Obama tells government to set climate standards

WASHINGTON - US President Barack Obama ordered the US government Monday to lead by example on climate change, requiring all federal agencies to set 2020 targets to cut greenhouse gas emissions within 90 days.
Obama also told agencies to increase energy efficiency, cut gasoline consumption by official vehicles and to save water and reduce waste, in moves which he said would save money and help cleanse the environment.

Obama tells government to set climate standards
"As the largest consumer of energy in the US economy, the federal government can and should lead by example," Obama said in a statement.
The president earlier signed an executive order containing the new standards to be adopted as part of the administration's wider attempt to build a clean energy economy.
Under the new rules, agencies must meet a string of targets for energy efficiency and waste reduction.
By 2020, federal departments must cut the consumption of fuel by their official fleets by 30 percent and show a 26 percent improvement in water use efficiency.
By 2015, agencies must recycle 50 percent of waste, or divert it away from landfill projects, the order said.
US government buildings will also have to meet new emissions and sustainability standards, the order said.
Obama has argued that cutting greenhouse gas emissions, and framing a sustainable green economy is vital not just to protecting the planet, but to future US economic prosperity.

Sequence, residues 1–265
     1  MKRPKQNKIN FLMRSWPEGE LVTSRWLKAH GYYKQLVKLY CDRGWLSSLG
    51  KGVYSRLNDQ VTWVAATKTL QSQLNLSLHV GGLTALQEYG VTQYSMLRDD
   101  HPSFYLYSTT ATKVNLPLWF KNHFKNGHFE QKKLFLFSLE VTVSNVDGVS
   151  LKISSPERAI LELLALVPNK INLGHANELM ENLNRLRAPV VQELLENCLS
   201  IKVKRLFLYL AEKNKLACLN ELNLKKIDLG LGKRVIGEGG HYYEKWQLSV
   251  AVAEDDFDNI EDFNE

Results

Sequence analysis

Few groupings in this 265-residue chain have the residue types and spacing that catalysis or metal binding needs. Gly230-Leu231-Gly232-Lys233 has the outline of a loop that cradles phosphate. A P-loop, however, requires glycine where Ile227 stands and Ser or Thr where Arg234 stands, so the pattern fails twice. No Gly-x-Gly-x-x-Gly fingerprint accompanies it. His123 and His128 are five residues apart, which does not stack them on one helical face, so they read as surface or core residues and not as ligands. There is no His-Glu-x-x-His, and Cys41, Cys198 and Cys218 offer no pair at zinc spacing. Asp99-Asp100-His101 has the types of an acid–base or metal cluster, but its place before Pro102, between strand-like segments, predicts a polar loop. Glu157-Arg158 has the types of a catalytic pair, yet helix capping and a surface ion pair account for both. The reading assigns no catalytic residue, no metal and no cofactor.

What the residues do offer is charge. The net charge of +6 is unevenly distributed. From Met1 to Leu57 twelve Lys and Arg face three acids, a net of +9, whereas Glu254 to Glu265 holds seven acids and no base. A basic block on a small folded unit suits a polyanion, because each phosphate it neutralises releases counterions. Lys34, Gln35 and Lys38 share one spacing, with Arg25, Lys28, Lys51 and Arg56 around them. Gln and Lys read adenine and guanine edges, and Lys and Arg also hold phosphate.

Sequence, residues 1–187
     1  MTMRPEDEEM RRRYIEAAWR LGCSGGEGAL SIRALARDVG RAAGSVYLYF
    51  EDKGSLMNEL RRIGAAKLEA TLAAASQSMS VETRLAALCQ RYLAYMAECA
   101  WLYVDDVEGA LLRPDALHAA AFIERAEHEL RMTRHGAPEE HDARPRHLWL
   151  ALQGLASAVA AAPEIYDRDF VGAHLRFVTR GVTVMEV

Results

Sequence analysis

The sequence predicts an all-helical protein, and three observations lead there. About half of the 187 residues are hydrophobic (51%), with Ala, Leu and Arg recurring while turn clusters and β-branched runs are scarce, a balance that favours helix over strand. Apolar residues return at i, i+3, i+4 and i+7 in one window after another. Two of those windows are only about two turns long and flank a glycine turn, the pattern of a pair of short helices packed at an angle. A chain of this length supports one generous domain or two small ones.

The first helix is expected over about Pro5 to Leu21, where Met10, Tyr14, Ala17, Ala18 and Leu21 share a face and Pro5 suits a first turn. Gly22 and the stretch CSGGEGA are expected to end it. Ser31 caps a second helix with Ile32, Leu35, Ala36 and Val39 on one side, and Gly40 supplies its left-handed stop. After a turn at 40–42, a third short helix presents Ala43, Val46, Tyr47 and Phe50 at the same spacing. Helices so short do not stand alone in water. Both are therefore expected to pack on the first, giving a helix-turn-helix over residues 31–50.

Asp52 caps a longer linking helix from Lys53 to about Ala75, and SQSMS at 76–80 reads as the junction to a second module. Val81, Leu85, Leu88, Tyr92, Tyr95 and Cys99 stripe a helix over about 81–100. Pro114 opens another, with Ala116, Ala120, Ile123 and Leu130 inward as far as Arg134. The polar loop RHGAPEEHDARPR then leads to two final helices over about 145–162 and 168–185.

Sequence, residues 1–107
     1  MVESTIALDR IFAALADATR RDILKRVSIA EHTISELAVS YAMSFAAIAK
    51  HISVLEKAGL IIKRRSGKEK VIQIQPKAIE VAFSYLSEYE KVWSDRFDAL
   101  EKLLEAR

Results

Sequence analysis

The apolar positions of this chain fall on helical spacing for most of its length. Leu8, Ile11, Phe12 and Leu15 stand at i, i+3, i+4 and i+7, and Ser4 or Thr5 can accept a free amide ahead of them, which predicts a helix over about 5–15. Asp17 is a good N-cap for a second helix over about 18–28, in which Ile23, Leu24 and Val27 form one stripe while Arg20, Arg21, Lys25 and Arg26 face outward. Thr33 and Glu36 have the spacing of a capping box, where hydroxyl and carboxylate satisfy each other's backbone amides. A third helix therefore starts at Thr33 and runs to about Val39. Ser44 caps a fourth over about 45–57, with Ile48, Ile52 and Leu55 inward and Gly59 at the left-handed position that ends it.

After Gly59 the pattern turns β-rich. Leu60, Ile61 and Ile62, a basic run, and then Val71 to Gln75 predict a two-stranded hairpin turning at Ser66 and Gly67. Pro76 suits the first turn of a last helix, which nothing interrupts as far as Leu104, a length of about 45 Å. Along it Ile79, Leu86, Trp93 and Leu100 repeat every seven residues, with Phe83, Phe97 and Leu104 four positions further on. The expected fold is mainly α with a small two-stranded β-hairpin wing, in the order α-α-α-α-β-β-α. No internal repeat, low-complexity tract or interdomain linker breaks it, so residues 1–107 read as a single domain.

Several pieces of legislation backed by his administration -- including the mammoth 787 billion dollar stimulus plan -- provide incentives for governments and private firms to build the green economy.
Obama reversed previous US skepticism on climate change shown by the administration of George W. Bush and has vowed to push for a global climate deal at major UN talks in Denmark later this December.
But he still faces major domestic political constraints, not least due to fears that tackling climate change will hinder economic recovery.
Hopes for a leading US role in world climate change efforts have been dampened by indications that the Democratic-controlled Congress will not pass major legislation on the issue by the end of the year.

Monday, October 5th 2009

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